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Basic Bible: Blessing of Forgiveness and New Life

I John 1:1 – 2:5

John, the son of Zebedee — the beloved disciple, is the author of both this epistle and the gospel bearing his name. In John 20:31, he wrote: “But these things are written, that ye might believe that Jesus is the Christ, the Son of God; and that believing ye might have life through his name.” This epistle serves as a follow up to his gospel in that John states the purpose of his writing to be: “. . . that ye may know that ye have eternal life” (I Jn. 5:13). John wrote his gospel so that we might believe; he wrote this epistle so that we might know with certainty that we have life eternal.

John uses the pronoun “we” to declare that which he has heard, seen, and handled (v. 1-3). All men experience reality by hearing, seeing and feeling. John experienced reality which was made known to him and to the other apostles by the “Word of life” — by God in the flesh.

John declares that which he has received such that all believers might share in the fellowship which he enjoys with the Father and the Son. John would have all experience the fullness of joy which can be had in knowing Christ.

Fellowship is found in individuals who share like things. The fellowship that John would have all believers enjoy is fellowship with God the Father and God the Son. All who truly know the Son, know the Father. John wrote of the words which the Son declared: “I am the light of the world: he that followeth me shall not walk in darkness, but shall have the light of life” (Jn. 8:12). Light and darkness both exist but where there is light, there is no darkness and where there is darkness, there is no light. That which applies to the physical realm, applies to the spiritual. One is either in the light or in the darkness. In verse 5, the Holy Spirit moved John to state that God is light and there is no darkness in Him. With God, there are no shades of gray. To enjoy fellowship with the Father and the Son, one must be without darkness. Any who experience gray are far from the light and the joy of fellowship with Him.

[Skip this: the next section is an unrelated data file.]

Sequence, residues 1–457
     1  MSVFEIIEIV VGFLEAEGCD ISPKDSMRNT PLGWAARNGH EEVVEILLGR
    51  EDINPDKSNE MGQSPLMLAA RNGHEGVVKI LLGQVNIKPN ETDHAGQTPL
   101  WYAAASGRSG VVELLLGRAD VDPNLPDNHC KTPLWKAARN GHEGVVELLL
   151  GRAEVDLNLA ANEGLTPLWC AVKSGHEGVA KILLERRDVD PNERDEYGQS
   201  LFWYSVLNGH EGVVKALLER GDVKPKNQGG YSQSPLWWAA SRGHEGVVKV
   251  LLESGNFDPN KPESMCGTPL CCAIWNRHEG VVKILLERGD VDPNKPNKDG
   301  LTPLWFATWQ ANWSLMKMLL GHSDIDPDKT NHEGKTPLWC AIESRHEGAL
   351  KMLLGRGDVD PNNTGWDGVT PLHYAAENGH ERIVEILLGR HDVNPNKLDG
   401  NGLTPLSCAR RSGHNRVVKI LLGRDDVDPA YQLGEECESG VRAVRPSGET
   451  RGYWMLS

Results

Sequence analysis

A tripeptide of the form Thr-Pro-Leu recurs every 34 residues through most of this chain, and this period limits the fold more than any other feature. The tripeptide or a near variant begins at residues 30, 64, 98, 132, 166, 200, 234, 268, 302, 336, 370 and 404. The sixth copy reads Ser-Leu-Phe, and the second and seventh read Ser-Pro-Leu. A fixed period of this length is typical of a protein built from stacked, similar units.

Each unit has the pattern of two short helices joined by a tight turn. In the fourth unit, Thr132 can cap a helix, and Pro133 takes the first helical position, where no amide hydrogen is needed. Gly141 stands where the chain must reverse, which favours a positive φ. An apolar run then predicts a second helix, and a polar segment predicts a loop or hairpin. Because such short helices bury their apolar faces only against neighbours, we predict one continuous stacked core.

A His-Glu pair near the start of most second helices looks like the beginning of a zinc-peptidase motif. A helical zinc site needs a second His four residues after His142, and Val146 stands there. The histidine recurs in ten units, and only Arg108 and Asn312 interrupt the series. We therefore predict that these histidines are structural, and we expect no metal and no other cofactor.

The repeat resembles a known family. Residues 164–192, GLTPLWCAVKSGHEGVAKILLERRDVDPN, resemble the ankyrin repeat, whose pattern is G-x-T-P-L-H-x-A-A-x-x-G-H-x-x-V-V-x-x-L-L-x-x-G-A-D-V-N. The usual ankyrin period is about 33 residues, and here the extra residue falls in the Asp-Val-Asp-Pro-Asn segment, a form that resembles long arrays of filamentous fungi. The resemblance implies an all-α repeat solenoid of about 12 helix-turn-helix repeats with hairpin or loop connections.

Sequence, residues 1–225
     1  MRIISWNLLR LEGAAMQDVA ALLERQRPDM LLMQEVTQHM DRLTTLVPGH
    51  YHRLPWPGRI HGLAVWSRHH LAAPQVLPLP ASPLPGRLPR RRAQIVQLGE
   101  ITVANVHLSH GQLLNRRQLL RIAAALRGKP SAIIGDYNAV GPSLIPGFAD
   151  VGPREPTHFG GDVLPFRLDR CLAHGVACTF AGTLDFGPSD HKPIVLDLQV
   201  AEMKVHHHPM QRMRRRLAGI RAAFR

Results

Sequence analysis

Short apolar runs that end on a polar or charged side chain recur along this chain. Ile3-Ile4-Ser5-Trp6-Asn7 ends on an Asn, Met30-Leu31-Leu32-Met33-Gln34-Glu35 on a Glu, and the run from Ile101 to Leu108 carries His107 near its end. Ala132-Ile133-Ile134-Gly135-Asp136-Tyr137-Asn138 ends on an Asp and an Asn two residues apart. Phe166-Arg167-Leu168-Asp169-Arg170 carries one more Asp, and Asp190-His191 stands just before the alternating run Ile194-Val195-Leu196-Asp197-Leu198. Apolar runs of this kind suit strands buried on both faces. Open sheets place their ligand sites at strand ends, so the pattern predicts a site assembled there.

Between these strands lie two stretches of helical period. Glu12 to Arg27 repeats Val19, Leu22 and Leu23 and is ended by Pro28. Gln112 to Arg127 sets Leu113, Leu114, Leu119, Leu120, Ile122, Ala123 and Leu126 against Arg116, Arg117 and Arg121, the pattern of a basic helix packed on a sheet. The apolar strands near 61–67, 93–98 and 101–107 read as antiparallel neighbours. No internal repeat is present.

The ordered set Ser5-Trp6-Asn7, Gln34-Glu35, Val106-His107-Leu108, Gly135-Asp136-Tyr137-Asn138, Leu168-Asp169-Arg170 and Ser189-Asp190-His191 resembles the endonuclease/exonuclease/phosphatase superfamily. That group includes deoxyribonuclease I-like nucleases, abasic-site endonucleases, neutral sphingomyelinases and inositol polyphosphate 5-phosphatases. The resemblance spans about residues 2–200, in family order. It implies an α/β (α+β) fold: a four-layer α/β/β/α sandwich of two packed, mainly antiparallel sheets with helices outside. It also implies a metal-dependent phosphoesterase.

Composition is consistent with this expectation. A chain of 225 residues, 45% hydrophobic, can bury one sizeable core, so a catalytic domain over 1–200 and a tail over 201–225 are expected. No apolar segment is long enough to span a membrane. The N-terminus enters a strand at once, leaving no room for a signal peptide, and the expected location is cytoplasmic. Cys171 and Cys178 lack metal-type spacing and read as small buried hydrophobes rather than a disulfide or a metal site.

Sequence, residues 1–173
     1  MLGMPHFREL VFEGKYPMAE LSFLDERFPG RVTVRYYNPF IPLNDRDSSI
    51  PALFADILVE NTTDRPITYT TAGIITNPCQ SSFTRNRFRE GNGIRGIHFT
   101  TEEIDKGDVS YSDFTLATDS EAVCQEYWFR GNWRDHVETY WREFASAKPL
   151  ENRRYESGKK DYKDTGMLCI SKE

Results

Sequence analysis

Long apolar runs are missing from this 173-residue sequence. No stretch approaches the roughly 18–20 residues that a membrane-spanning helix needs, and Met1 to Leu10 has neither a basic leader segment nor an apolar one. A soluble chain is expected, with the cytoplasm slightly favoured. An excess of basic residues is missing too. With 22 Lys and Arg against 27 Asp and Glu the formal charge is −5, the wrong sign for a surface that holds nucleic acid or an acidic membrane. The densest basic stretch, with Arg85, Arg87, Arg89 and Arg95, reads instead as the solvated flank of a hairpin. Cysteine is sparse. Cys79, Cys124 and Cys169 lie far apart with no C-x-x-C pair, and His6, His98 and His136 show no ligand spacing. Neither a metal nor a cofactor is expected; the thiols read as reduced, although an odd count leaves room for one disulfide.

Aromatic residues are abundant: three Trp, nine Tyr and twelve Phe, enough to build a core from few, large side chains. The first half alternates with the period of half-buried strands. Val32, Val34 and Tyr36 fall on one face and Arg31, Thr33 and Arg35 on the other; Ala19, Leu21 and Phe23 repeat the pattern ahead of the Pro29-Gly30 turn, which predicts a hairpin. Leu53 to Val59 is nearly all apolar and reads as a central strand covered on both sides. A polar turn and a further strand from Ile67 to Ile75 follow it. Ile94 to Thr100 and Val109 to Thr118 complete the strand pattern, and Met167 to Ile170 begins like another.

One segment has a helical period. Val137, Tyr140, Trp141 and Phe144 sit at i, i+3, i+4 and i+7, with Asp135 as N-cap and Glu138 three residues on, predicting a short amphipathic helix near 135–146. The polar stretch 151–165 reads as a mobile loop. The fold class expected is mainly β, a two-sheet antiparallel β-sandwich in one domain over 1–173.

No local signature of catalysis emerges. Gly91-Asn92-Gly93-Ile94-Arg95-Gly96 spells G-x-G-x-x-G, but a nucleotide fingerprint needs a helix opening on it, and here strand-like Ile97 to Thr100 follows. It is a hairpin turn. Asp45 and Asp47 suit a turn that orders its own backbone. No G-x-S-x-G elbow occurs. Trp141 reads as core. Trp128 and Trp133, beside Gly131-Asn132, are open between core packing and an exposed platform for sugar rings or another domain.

An individual can say that he has fellowship with the Father and the Son — that he experiences the fullness of joy of the fellowship of knowing Jesus — but that does not make it so. Darkness has no fellowship with light. In verse 6, John describes all who falsely claim to walk in the light as liars. The fellowship that one enjoys with the Son is a fellowship of light.

The gospels reveal that John enjoyed a close relationship with Jesus, perhaps closer than any other apostle. Yet, in verse 8, John says, “If we say that we have no sin, we deceive ourselves, and the truth is not in us.” John, in employing “we,” includes himself among those who have failed to reflect the light of the Father and the Son. When we sin, our fellowship with the Son and with one another is destroyed because darkness cannot reflect light.

In verse 9, John declares that Jesus Christ the Son of God is faithful and just to forgive our sins and cleanse us from all unrighteousness. When we repent and ask Jesus to forgive us our sins, He cleanses us. The sin which prevented us from reflecting the light of our Savior is washed away and our fellowship with Him and with one another is restored.

John addresses “My little children” in the opening verse of chapter 2. Little children are different from young men and from fathers (see v. 13). Little children have not overcome the wicked one. Little children have not known Christ from the beginning. Little children are subject to the fiery darts of the wicked and need help in spiritual warfare. John describes little children as individuals who have known the Father.

All believers know the Father through the Son. We know the Son through the scriptures. John reveals that we (little children, young men and fathers) have an advocate, Jesus Christ the righteous, who satisfied the sin debt of the whole world (v. 2). How did this happen? What are the dynamics? God made it happen. Christ was foreordained before the foundation of the world to be slain as a lamb without blemish or spot (I Pet. 19-20). God the Father, through God the Son, gave Himself to suffer death for them who believe as Abraham believed (see Gen. 15:6). The same God who gave Himself to die for us has appointed Christ the righteous to be our advocate.

Who is Christ the righteous? Christ is He who prayed to the Father asking, “. . . keep through thine own name those whom thou hast given me, that they may be one, as we are” (Jn. 17:11). The desire of the Father is made known to us through the Son. The Father raised the Son from the grave to be our Advocate. He who counted Abraham’s faith for righteousness, has provided an advocate for all who believe as Abraham believed.

Little children know the Father as the God who so loved them that He gave His only begotten Son to die such that they should have eternal life (Jn. 3:16). John (who knew the Son from the beginning) desires that all should know that the Father has provided an advocate who is faithful and just to forgive us when we confess our sins. The Lord desires that we enjoy perfect fellowship with Him and each other.

His love is perfected in all who believe and do as He has instructed. May we love one another as He loves us.

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